Is agrivoltaic farming the future of food and energy?

The world has a problem. We face shortages of water, energy and food in the coming years. But the wheels are turning to find solutions to all these problems. Not surprisingly, solar energy is at the heart of the discussion, especially when it comes to agriculture.

Continue reading below

Our selected videos

What is agrivoltaic?

Enter agrivoltaics. The prefix “agri-” refers to food production, while the suffix “-voltaics” relates to energy production. Together they make up agrivoltaics, which is the combination of solar energy production together with crops. In this new area, solar panels are woven into the agricultural landscape, placed between plants or just above them, depending on the location and type of plants. Agrivoltaics is also seen as solar panels on top of greenhouses.

Related: California Installs Solar Panels Over Canals

It may seem like a strange combination to create renewable energy in the middle of farmland, but science shows that it is actually beneficial for farmers, food consumers and the environment. Some of the benefits may surprise you.

Produces energy

An obvious advantage of agrivoltaics is that it relies on solar panels to create energy. This energy can then be used to power irrigation pumps, barn lights, the house, farm equipment and more. If there is a surplus, it can be sold back to the grid or stored in batteries. Since it is renewable energy, it is a clean source and an unlimited supply.

Increases food production

The relationship between crops and solar panels is surprisingly symbiotic. Where we once used fields solely for crop production, the science of agrovoltaic systems allows the panels to enhance plants while still pumping out power. Plants such as tomatoes, peppers, berries and vines benefit from the extra shade the panels provide. Since they are less stressed in a more protected environment, they give a higher harvest.

Solar panels on a field with sheep grazing below

Reduces water consumption

The cover also lowers the temperature under the solar panels. Plants use less water as they get a reprieve from the relentless sun. Even plants that require full sun have a light saturation point where they are no longer able to synthesize it. Traditionally, this means that sunlight is wasted and plants are susceptible to overheating. In response, plants soak up additional water to deal with the drought-like conditions. Photovoltaic panels work to limit this waste and reduce water consumption along the way. We have seen this idea in other areas where solar panels are placed over waterways to reduce evaporation and make full use of the land.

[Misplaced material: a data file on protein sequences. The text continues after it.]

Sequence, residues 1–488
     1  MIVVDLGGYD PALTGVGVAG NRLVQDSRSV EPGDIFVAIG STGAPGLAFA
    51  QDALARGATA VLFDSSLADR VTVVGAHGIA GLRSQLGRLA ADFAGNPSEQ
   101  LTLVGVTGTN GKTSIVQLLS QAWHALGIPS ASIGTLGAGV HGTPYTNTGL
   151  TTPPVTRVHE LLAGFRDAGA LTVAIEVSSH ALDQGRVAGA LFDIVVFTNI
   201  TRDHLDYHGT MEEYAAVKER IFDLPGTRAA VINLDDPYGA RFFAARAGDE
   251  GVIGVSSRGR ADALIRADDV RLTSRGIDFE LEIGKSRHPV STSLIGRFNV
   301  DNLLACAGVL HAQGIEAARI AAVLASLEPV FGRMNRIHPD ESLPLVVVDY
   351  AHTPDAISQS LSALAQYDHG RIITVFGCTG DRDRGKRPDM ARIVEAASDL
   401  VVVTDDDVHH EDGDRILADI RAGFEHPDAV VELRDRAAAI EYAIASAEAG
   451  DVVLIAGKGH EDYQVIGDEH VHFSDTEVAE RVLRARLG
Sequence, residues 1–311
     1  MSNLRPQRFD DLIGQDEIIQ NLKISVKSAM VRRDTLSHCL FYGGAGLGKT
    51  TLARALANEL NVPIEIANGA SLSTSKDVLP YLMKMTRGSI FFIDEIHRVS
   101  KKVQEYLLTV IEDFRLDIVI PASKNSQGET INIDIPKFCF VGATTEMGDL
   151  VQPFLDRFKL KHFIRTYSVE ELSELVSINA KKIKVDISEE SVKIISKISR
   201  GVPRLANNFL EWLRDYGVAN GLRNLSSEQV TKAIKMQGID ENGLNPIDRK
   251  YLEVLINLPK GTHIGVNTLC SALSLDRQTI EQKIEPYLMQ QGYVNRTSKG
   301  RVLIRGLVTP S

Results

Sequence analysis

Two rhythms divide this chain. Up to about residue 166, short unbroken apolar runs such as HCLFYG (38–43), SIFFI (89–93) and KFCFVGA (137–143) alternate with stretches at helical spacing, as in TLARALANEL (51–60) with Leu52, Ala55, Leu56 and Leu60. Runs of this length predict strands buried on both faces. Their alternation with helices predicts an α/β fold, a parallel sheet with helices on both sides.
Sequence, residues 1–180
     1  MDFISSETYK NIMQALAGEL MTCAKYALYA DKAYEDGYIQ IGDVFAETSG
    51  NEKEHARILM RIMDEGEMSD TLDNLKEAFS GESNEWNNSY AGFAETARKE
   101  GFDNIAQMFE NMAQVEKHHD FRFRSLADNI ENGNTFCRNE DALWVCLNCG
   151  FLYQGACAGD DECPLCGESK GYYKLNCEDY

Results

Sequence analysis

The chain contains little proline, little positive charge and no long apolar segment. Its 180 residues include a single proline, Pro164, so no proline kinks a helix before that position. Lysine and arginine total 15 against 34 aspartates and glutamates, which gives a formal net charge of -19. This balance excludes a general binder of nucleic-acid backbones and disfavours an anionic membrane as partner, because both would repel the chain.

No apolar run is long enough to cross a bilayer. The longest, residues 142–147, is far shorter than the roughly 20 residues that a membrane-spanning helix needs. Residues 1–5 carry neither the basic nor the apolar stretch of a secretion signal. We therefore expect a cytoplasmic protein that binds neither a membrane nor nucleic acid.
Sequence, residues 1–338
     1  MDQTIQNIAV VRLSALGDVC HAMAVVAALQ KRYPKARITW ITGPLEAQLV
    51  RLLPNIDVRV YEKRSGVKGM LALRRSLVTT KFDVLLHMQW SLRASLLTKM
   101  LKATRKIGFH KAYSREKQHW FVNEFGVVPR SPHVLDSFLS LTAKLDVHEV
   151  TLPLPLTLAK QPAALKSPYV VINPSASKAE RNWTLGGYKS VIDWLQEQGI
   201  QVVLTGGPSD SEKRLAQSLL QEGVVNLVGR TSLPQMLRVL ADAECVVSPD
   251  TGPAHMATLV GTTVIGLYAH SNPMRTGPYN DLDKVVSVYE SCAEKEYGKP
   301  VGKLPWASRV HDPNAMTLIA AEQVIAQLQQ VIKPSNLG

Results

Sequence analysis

Higher energy production

That cooling under the panels also helps maximize energy production by making the solar panels work more efficiently. The plant environment is much cooler than hard soil, providing temperature control that maximizes energy production. The water the plants transpire also contributes to the cooling effect.

Fulfills scarcity of land

Agrovoltaic systems make the best use of available land by growing food crops and producing energy at the same time with the same amount of space. One does not take away from the other. It is a process that works well in areas with limited soil availability. Instead of choosing between agriculture and renewable energy production, we can have both.

Financial savings for farmers

In addition, the upfront investment provides a return in energy savings, with agrovoltaic systems generally paying for themselves in around 14 years. In addition to energy savings, farmers also save on water costs. This is seen through lower ground temperatures. Less heat not only means that the plants drink less, but less evaporation also occurs.

On the other side of the financial coin, agrovoltaic systems have been shown to increase profits for farmers with higher crop yields. If a farmer used solar energy, that means double the crop and double the energy. Think about it like this. Traditionally, a farmer could have a field with crop A and a field with solar panels. With agrovoltaics, the farmer now has two fields of crops and two fields of energy production, doubling the production of each.

Top shot, rows of solar panels on a grassy field

Better for the environment

Clean energy production offers the benefits of electricity without air pollution, unlike that caused by fossil fuels. With the current and ongoing water crisis, agrovoltaics can also be part of the water saving solution.

Where are agrovoltaic processes used?

Currently, China holds the title for the world’s largest agrovoltaic project. It is an extensive system of solar panels placed over the regional goji berries.

According to Solar Plaze, “The massive 640 MW project is said to have contributed to reducing soil moisture evaporation by between 30% and 40%, as well as improving the regional climate and enhancing the region’s ecosystem by increasing biodiversity.”

Other countries are also working on agrovoltaic systems. India, Malaysia, Taiwan and France all have projects underway. Oregon State University has an agrovoltaic farm in Aurora, Oregon. Small farms around the world are also adopting this practice.

There are a host of benefits to embrace with agrovoltaic practices. Although it is still basically an experiment in its youth, one problem that arose is challenges in moving farm equipment through the fields. Researchers address this by adjusting the height of the solar panels while seeing the same protective and symbiotic results.

Via Green Day Power

Images via Pexels and Pixabay


Leave a Reply

Your email address will not be published.